Hana-bi Review

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by Casimir Harlow Jan 24, 2016 at 9:39 AM

  • Movies review

    Highly Recommended
    Hana-bi Review

    The superb films by master filmmaker Takeshi Kitano are something of an acquired taste, largely ignored even back in Japan until his 1997 film Hana-bi brought him worldwide acclaim.

    Told, at least for the first half, in a jarringly disjointed non-linear fashion, the narrative follows ex-cop Nishi, weighed down by emotional and financial burdens, who takes a fateful road-trip with his dying wife, and is hunted by both his fellow colleagues and the angry Yakuza that he is indebted to. The story, however, is arguably far less important that the design of Kitano’s mood piece, which exhibits the director’s trademark features.
    Static-camera shots, perfectly framed, with almost no dialogue and seemingly nothing going on (at least not in-frame), riding the wave of celebrated composer Joe Hisaishi’s melancholic score (whose style you should recognise from just about any Studio Ghibli production you’ve ever seen), and often – and suddenly – punctuated with equal part fragments of wonderfully natural deadpan humour and bouts of abrupt, shocking violence.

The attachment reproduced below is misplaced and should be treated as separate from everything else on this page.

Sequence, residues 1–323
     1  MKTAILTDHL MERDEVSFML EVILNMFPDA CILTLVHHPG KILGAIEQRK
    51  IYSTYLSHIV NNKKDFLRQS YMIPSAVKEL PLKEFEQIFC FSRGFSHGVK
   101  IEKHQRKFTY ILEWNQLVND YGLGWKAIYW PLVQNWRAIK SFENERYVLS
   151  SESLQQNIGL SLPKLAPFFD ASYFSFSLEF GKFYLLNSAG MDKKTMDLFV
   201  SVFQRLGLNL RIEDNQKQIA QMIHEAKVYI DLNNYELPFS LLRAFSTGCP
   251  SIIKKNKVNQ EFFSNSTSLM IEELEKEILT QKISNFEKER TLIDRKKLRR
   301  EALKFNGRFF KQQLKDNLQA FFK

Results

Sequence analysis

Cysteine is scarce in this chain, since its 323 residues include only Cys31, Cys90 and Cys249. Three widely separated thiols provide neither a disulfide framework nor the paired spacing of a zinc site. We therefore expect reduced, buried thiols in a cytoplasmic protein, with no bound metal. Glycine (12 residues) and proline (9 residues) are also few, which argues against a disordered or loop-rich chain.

Kitano's striking visuals paint more than a thousand words.

    After a near-fatal motorbike accident a few years earlier, the once-famous Japanese comedian-turned-serious-filmmaker Kitano finally gained universal recognition with a celebrated masterwork that is both an accomplished, richly-layered piece, and also a highly personal one, steeped in the trappings of the aftermath of this tragic event which left his face partially paralysed.

    Indeed the fate of one of the other key characters in the film appears to draw directly from his own personal experiences, not least in the recovery process, which involves adopting a painting hobby that actually utilises the artwork that the director created when he himself was recuperating. There’s so much depth to the piece, it practically warrants a second watch almost as soon as you’ve finished the first one, and marks a great introduction to one of the most impressive modern directors in Japan.

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